An excerpt from Returning
Ovadya ben Malka writes of attempts of the Sonderkommando to get word out about what was happening in Birkenau. “These are my heroes,” he writes. “Not those who take up arms against the Germans in a hopeless battle, but those who take up words against the silence. Having seen just how totally the silence covers us—how hard it is to try to break this isolation from our people and our humanity—those who tell have become my real heroes. I have fought that battle myself and have gained very little ground.”
It was an obsession with us [in the Sonderkommando], to leave a record. A number of people took charge of a special project to get word out—to leave a record. It was clear that no one would survive to tell what happened here. Would anyone ever want to know what had happened to the Jewish people? Perhaps not. In which case, the writing would serve as an indictment of all of humanity.
This project was carried out by different people at different times, but it was not done haphazardly. Many knew about it, even though there was a need for great secrecy. Paper and writing materials need to be organized. Containers must be found. And then there is the problem of sealing them in such a way that no moisture can get in. This is important because the ground here is very wet. The place is built over a bog. If you dig down a bit, you inevitably strike water, but it is not drinkable. We soak rags in machine oil and put them across the top of the jars. I don’t know how well this will work in the long run.
Many contribute to all of this but only a few write, and only a few are supposed to know the location of the containers. But actually this is more widely known than it should be, because often they have to be moved around.
And that is how I came to know of the project; one day a senior member of the SK ran up to us as we emptied the containers of ground-up bone into one of the ash pits. He was very agitated, but made us understand that we must dig out one of the storage pits immediately and transfer anything that was not ash to a special hiding place. Anything not ash? What could it mean? When we came upon some jars buried among the ashes, I understood.
Later I helped to supply bits of cloth which I soaked in oil from the machine room. It was very clear what was going on.
But only a few write. One of these is the Dayan. I remember him best of all because he was kind to me during those first few days. I also remember some things he said, despite the language barrier. While memory is often painful, the gaps in memory are painful in a different way. So much is lost. I am glad that some memory of him and a few others is preserved in me. I am like those buried jars. The memory is buried inside and surfaces in an unpredictable manner. Some is blurred by time or willful forgetting. Some of it is as clear as if no time has passed. And sometimes it is not past at all, but present….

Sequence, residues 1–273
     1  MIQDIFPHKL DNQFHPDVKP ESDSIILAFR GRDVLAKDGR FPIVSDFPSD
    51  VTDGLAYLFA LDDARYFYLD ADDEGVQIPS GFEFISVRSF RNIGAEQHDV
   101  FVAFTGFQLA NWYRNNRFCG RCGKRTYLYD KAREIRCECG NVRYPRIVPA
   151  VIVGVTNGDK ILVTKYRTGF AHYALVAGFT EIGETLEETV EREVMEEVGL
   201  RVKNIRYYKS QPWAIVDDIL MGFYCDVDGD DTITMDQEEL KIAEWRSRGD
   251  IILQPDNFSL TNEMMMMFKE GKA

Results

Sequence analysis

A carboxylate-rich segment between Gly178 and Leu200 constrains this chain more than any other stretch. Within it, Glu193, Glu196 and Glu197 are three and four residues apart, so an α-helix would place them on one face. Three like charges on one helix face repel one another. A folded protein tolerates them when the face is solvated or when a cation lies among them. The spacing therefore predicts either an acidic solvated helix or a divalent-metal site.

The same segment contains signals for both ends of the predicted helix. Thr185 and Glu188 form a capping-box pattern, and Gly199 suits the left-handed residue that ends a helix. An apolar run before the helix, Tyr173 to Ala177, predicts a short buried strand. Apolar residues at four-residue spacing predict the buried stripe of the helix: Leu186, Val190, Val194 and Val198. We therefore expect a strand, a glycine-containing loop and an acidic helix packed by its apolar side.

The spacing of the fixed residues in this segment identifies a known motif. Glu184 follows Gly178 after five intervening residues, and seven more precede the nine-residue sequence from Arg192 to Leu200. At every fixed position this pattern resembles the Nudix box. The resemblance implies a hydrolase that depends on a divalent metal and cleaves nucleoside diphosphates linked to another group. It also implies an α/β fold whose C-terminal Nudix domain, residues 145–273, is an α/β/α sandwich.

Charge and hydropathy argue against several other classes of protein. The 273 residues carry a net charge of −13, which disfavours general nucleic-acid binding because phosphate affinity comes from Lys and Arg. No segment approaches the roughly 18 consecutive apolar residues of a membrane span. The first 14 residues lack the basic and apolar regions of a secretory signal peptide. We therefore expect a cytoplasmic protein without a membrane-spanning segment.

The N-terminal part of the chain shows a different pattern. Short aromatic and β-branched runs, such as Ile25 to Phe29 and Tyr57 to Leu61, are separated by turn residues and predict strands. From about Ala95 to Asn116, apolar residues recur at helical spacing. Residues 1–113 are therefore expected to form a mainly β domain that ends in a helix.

One night, I came downstairs and found a man sitting alone on a bench in the auskleideraum with silent tears rolling down his face. It seemed like something outside of nature—that someone here could weep like that! For most of us, there were no more tears to cry. This isn’t something that I can explain. Just that the tears are no longer there.
It is ironic that the Germans made such a business of isolating us from the rest. They needn’t have bothered. We were isolated even from ourselves. We become very cut off from everything and everyone. We cease to be human. We think, how is it that I can see all this and not feel anything at all? What kind of human being can be like this? A decent person would at least be able to weep.
But he was the only man there who I ever saw weep. His name was Zalman Gradowski. It was he who organized the effort to get word out about what was happening. He had people write what they saw and did. He retrieved scraps of other people’s journals from the fire. He worked to ensure they were preserved in jars and got people to filch paper for writing and cloth to seal the jars.
He also ordered that teeth be scattered all over the Zone. Yes, teeth. He reasoned that the Germans could get rid of every scrap of ash and bone, but that they could never retrieve all those teeth. If anyone should ever come to that place, he would find thousands of teeth scattered around an area of nearly 400 square meters, and would know that this was done on purpose, and that something terrible had happened there. Even if no one survived to tell, he had ensured that someday it would be known.
But for me, his greatness was in his tears. He remained human.